The metaphors of the Cycle of Cognition are intended to achieve the usual function of reducing cognitive load and freeing users to concentrate on task rather than technology. They present telephone, video, database, and other services in a form that is compatible with the way people interact in the real world.

The fact finding of the Map stage is supported by search agents and search engines.  Browsing the Landscape of active documents and relevant colleagues is supported by the home pages with their real time video and screen glances.  The meeting Room rapport is helped by a high bandwidth video conferencing system.  Once rapport and trust have been established, the Virtual Meeting Room metaphor is replaced by the meeting Table metaphor. The metaphor of Theatre emphasises the need to dramatise and broadcast that conclusion of a meeting to the relevant community. Finally the Home metaphor was used to emphasise that the workplace is a temporary personal territory. The Home stage ends with reporting completion and the search for a new task using some form of Map.

This sequence is suggested as no more than the most likely route through the many communications modes and a route in which every stage is likely to include a mixture of local and networked activities. 

5.                              main conclusions reached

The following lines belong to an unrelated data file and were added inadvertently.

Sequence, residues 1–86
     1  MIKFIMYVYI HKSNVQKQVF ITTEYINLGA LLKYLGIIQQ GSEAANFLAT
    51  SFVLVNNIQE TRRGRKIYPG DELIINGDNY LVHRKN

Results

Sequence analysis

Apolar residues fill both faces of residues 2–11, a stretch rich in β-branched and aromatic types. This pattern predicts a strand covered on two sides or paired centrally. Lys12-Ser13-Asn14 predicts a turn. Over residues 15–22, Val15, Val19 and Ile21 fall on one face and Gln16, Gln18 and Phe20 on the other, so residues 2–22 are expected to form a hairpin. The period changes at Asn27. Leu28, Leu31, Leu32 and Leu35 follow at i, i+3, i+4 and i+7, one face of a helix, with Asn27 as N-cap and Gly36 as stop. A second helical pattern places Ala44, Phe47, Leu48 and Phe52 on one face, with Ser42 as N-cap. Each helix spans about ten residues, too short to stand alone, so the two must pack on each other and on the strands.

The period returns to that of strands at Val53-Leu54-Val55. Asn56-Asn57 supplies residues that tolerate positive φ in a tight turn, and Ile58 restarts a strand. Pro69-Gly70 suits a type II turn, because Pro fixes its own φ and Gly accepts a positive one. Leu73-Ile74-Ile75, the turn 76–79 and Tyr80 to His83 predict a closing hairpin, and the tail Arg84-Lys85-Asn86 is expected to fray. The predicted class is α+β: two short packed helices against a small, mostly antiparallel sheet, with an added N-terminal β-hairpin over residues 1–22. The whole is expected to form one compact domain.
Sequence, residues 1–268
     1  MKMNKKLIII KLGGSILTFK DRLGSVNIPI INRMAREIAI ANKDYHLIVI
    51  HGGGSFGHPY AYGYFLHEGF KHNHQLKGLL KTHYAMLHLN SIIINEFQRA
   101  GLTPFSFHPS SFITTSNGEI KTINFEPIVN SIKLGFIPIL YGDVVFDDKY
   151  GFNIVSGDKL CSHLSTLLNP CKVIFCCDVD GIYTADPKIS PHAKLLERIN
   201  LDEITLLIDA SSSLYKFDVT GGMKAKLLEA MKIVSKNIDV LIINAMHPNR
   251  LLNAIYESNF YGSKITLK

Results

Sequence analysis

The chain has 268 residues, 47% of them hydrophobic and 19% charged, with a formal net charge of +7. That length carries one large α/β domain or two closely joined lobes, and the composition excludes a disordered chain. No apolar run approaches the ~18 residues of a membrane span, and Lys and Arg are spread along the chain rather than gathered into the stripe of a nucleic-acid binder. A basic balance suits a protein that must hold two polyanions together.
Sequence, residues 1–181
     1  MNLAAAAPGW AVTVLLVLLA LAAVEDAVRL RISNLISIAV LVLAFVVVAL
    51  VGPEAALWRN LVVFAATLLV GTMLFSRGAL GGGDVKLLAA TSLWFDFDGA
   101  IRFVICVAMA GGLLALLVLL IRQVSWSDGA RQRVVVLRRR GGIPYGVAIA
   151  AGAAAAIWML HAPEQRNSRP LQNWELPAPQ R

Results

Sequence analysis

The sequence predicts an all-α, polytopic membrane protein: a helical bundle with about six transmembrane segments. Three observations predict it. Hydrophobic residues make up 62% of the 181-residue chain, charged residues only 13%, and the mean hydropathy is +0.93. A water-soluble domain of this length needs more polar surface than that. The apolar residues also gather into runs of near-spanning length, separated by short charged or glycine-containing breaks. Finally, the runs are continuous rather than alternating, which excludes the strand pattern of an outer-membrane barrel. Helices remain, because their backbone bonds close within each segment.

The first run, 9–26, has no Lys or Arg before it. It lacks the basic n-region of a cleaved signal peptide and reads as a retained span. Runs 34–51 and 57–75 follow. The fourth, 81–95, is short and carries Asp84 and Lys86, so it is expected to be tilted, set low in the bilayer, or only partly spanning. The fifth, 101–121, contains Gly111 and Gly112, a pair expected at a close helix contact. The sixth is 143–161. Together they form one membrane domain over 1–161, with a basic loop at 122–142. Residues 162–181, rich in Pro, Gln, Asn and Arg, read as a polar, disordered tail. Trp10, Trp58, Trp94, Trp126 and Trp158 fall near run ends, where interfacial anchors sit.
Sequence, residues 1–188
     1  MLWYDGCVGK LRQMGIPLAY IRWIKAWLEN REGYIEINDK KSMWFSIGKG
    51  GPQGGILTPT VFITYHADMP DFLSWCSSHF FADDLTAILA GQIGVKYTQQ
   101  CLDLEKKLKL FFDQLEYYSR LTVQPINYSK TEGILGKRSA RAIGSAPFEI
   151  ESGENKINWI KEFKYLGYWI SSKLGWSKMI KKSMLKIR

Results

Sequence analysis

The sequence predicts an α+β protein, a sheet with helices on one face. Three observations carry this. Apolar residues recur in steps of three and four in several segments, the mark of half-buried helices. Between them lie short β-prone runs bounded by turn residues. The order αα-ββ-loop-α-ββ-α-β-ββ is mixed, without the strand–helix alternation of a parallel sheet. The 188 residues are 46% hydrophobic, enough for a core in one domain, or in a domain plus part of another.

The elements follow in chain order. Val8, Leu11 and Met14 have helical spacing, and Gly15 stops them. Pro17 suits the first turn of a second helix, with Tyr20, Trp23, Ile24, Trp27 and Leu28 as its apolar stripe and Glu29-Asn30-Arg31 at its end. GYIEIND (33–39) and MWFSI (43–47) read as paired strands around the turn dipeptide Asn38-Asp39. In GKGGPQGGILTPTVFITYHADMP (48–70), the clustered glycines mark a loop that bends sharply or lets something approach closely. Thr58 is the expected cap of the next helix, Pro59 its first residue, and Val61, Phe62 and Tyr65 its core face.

Overall, CICC has given us a very clear vision of how the construction community could evolve over the next few years and which collaborative tools are most relevant.  In particular it indicated which aspects of lean manufacturing could be transferred to construction as soon as mobiles and wearable computers become as ubiquitous as the desktop PC.

The primary conclusions from the CICC project are:

1.       The new technologies are forcing participants to question the way in which construction projects are managed.  The widespread use of a networked document repository on Bluewater has shown what will be possible when this information is truly integrated in an object based 3D CAD and process system.  The use of mobile services in a related pilot in MICC showed the potential of including workface staff in the project team for achieving major cost and materials savings.

2.       Internet technologies will transform the construction sector particularly when the multimedia networking demonstrated in CICC is combined with mature versions of the mobile technologies demonstrated in ACTS project MICC.  Since the CICC pilots many construction organisations have set up their own Intranets to simplify the process of distributing documents and encourage access by anyone for whom they may be relevant.

3.       The change from formal access to specialist databases to informal access via an Internet browser is a profound one. It is not simply a scaling up exercise. The new information users need far more visual and organisational context and a far more intuitive user interface than the specialists who might spend all day working with a single application.  Here an Internet browser is the obvious choice.

4.       Augmented Reality is one of many tools for providing context to the task information.  All of the new tools allow faster and more effective switching from one task to another and therefore greatly reduce the friction and mistakes caused by sudden questions from colleagues.


6.                              Input to standards and ACTS guidelines

CICC was concerned with social processes within the agile teams of the construction industry, Intranet implementations and Augmented Reality. These social processes do not form conventional technical standards.